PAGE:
POSTED ORIGINALLY IN JANUARY 2020
Teaching a new curriculum is an overwhelming and daunting prospect for any classroom teacher. There are a multitude of decisions to make and the first teaching of any new curriculum can often lead you to question what you are doing in the classroom even before you consider the level of coherence between units and how your curriculum works in a progressive way. It is something you often feel yourself mulling over as you reflect, review and make plans for improvements the following year. A good curriculum, after all, takes 3-5 years in the making.
However, two things that I used and worked well today which have given me cause to reflect are a. a learning dump and b. thinking explicitly about the links between units. These are both really simple activities but have been really interesting as I move forward with my curriculum planning.
Ahead of starting a new unit, I took an idea from @MrsSpalding (Brain vomit, I think it was called) and asked pupils to complete a learning dump with regard to their learning from last term.
In the main, I wanted to do this because I had felt that whilst I had taught the text well, I hadn’t taught the text well with regard to my new context and the specific focus or needs of my class and I wanted to see whether this came to fruition in their own thoughts. Consequently, I didn’t give them a wide range of prompts but simply asked them to reflect upon what they felt they had learnt from the previous term.
Here are some examples of what I got back
This was a really interesting exercise. I learnt that my pupils took two things away from the unit: the core messages from A Christmas Carol and how to construct an analytical paragraph of writing. This was a focus in the planning. Whilst I am trying to construct a curriculum that is knowledge rich, I am also trying to choose texts that will foster the traits I want my pupils to develop as they go out into the world – traits such as kindness and compassion. A lot of pupils reflected upon this message in A Christmas Carol which was pleasing. Similarly, when I inherited the class, I ascertained that they needed to strengthen their analytical writing so introduced them to WHAT HOW WHY and spent some time on method analysis using this framework. To that end, reading the reflections from my pupils enables me to see that my planning and their takeaways are somewhat aligned (albeit somewhat variable in parts) as many reflected upon the introduction of WHAT HOW WHY and analytical writing. What is potentially more interesting for me is how I use this moving forward. For example, whilst the majority of pupils referenced WHAT HOW WHY, not as many referenced some of the key methods we explored throughout the unit and this information is enabling for me as I plan our next unit with regard to reviewing and revisiting prior learning.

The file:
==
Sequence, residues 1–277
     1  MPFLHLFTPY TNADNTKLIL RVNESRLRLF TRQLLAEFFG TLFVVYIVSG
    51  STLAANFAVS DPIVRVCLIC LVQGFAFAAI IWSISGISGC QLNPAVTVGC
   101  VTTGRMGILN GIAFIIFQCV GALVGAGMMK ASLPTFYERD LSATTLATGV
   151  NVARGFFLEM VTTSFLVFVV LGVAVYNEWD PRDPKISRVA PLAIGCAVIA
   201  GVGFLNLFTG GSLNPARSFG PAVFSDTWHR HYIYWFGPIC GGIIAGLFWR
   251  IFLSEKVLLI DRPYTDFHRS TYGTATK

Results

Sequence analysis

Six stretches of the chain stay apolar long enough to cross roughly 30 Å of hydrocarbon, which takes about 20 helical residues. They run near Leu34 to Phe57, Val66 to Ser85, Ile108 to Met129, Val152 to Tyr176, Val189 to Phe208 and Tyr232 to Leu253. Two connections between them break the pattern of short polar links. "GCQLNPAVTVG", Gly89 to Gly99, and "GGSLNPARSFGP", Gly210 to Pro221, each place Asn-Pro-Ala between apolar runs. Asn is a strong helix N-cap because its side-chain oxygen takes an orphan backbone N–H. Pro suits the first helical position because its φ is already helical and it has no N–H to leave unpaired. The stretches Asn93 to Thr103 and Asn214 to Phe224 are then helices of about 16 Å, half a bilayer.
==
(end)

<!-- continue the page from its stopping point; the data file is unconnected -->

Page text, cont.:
Although a really quickly put together task, it was really useful and interesting and I am now going to think of ways I could develop this after the next unit I teach.
Making quick links at the end of one unit and the start of another
Making links between units is something that has been given prominence with the new Ofsted framework. Whilst we continually teach linguistic and structural method analysis and other core skills, thinking about how our units connect beyond this – in terms of concepts – is something that might organically develop as we become more familiar with our curriculum offering. This is the first time I have taught year 9 at my current school and so I am planning my curriculum as I go. Last term I taught A Christmas Carol and this term I am teaching Long Way Down. I am fortunate that when I watched a short interview with Jason Reynolds when planning a lesson yesterday, he explicitly stated that a Long Way Down is comparable to A Christmas Carol. It seemed perfect then to try and connect these two texts from the outset of my new unit. Before my pupils watched the interview with Jason Reynolds, I asked them to consider how the concept of social responsibility was relevant to A Christmas Carol and after they noted down their thoughts, we discussed their responses – how richer folk have a moral responsibility to try and help those who have less than them and the importance of traits such as kindness and compassion. Pupils then watched the video interview with Jason Reynolds in which he discussed his background and the background to the novel and I ended the lesson by asking my pupils how the concept of social responsibility might be applicable to the text we were about to read and we discussed their thoughts with regard to how the decisions we make and actions we take can not only affect us directly but can have a significant impact on others.
Again, although a simple task, the insight was interesting with many pupils making links between the two texts from the outset whilst also developing their understanding and awareness of the concept as they focused on subtle differences between the two.
For me, as I continue to write my year 9 curriculum and my KS3 curriculum and think about KS4 and beyond, I will continue to develop and strengthen the conceptual links but it is nice to know that simple things like a learning dump or an exercise at the start of a new unit can help to foster the connections between what we do for both me and my pupils in the interim as I work to build a more sustainable curriculum.